14 Tips to Make BYOD Programs Work for You

By Patrick Peterson, THE Journal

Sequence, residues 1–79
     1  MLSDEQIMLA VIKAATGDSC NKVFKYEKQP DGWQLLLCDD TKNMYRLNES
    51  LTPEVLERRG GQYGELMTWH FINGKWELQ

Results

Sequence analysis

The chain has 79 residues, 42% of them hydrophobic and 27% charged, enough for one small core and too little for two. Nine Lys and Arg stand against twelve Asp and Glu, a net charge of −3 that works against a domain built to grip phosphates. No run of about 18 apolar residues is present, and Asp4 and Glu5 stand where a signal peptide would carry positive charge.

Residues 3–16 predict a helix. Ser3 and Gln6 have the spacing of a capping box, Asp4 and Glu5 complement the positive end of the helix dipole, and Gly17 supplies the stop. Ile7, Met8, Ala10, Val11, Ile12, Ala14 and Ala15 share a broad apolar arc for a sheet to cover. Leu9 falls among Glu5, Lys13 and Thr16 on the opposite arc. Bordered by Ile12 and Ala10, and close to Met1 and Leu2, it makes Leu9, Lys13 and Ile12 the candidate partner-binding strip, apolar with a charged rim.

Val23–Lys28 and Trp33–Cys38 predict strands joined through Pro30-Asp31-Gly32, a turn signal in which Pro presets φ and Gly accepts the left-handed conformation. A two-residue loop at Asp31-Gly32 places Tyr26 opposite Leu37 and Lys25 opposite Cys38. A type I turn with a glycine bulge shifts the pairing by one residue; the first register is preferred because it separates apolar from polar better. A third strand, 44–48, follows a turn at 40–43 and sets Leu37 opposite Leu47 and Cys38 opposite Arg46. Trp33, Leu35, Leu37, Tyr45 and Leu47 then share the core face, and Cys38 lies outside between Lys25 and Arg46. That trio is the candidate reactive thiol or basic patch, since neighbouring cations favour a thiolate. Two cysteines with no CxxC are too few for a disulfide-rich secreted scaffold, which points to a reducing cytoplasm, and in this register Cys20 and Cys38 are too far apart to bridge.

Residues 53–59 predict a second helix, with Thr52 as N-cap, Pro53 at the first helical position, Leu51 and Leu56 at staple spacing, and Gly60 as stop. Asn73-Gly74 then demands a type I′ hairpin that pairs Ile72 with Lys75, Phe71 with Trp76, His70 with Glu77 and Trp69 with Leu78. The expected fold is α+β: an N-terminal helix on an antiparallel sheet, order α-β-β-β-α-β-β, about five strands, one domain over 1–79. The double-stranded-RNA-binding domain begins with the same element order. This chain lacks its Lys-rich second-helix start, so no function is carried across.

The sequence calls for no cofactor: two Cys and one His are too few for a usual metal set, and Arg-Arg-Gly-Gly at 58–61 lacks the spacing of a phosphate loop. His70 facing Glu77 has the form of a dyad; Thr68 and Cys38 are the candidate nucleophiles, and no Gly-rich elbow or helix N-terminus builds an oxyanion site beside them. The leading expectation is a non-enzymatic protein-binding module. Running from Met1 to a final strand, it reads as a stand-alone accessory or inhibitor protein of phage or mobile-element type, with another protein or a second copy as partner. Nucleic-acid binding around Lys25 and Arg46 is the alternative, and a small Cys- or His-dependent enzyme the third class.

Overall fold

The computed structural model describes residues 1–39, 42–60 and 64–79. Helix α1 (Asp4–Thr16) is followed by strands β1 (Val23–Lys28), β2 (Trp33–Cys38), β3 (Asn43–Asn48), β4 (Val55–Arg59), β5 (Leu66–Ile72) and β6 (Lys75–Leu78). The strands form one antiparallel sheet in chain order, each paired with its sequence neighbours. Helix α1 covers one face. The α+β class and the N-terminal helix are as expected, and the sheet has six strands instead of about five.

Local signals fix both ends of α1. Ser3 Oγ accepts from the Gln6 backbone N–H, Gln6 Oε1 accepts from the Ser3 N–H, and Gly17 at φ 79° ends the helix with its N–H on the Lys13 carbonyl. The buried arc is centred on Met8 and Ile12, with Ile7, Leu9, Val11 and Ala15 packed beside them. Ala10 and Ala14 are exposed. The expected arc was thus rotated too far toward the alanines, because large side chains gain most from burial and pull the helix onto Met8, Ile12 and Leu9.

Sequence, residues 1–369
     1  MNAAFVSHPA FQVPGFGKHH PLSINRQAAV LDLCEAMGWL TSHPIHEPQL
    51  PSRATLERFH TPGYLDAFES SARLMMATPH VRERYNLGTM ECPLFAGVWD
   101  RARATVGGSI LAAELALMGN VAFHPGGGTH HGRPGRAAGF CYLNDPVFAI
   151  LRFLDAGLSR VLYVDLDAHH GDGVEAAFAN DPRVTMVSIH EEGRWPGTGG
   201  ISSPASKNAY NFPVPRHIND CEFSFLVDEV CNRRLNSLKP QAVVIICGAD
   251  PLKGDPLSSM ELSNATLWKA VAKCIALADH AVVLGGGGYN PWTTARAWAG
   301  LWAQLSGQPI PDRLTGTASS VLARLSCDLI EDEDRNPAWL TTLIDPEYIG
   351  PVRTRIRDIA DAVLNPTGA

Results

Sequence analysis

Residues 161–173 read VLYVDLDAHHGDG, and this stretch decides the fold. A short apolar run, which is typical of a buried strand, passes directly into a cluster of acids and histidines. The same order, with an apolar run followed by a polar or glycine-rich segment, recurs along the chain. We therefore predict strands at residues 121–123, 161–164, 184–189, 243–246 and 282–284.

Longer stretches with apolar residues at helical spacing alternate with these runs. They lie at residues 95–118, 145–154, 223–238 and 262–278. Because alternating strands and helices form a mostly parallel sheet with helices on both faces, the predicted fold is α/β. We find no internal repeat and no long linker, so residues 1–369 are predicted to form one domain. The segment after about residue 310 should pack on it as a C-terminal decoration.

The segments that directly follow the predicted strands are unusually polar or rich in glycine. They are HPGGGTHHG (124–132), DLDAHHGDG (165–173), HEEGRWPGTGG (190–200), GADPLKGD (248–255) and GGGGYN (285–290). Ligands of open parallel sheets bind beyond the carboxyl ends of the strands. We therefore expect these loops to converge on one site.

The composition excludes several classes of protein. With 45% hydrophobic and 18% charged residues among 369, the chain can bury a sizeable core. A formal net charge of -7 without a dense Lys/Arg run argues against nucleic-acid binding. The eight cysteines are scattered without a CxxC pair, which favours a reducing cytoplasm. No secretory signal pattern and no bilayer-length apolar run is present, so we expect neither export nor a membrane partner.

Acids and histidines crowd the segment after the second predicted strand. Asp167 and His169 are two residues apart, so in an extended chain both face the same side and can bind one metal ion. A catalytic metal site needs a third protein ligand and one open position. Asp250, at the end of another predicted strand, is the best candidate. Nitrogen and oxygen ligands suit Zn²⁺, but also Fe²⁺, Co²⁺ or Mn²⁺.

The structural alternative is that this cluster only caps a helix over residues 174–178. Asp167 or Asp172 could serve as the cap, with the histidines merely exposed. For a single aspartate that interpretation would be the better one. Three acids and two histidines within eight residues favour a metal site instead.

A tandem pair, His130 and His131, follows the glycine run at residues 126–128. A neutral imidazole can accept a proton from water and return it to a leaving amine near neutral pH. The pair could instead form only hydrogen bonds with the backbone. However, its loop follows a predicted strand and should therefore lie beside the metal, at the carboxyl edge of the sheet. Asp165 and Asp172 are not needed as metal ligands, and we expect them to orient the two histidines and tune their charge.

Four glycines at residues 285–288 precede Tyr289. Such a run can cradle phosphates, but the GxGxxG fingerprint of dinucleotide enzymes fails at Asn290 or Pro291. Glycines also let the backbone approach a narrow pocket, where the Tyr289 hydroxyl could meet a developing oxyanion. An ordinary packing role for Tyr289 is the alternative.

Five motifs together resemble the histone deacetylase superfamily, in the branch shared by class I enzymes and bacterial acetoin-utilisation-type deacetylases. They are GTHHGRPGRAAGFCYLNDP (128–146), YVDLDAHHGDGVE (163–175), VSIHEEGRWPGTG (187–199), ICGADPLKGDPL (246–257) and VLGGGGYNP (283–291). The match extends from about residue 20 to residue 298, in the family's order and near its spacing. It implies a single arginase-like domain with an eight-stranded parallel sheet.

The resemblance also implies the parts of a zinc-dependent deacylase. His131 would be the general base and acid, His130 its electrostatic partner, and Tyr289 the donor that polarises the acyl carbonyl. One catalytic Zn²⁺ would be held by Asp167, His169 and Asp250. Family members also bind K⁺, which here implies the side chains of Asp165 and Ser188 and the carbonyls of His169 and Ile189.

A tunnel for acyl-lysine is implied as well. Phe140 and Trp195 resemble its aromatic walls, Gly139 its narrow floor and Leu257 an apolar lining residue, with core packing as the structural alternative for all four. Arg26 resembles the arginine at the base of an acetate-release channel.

Schools that experiment with bring-your-own-device policies have reduced their costs but must cope with a variety of student devices, some of which don’t meet minimum standards for computer instruction. And if a student misuses a device, it could be taken away from him or her, creating the exact opposite situation that benefits education. Naturally, the student who is prone to misuse a device is often a student who needs the device most. Textbooks don’t generate such tricky issues. “How many teachers take away a textbook because students are misbehaving with it?” said West Coast-based educator Susan Brooks-Young, one of a trio of experts who conducted a BYOD workshop at FETC 2016 in Orlando. The educators who attended the workshop listed the pros and cons of having students supply their own computers for schoolwork.


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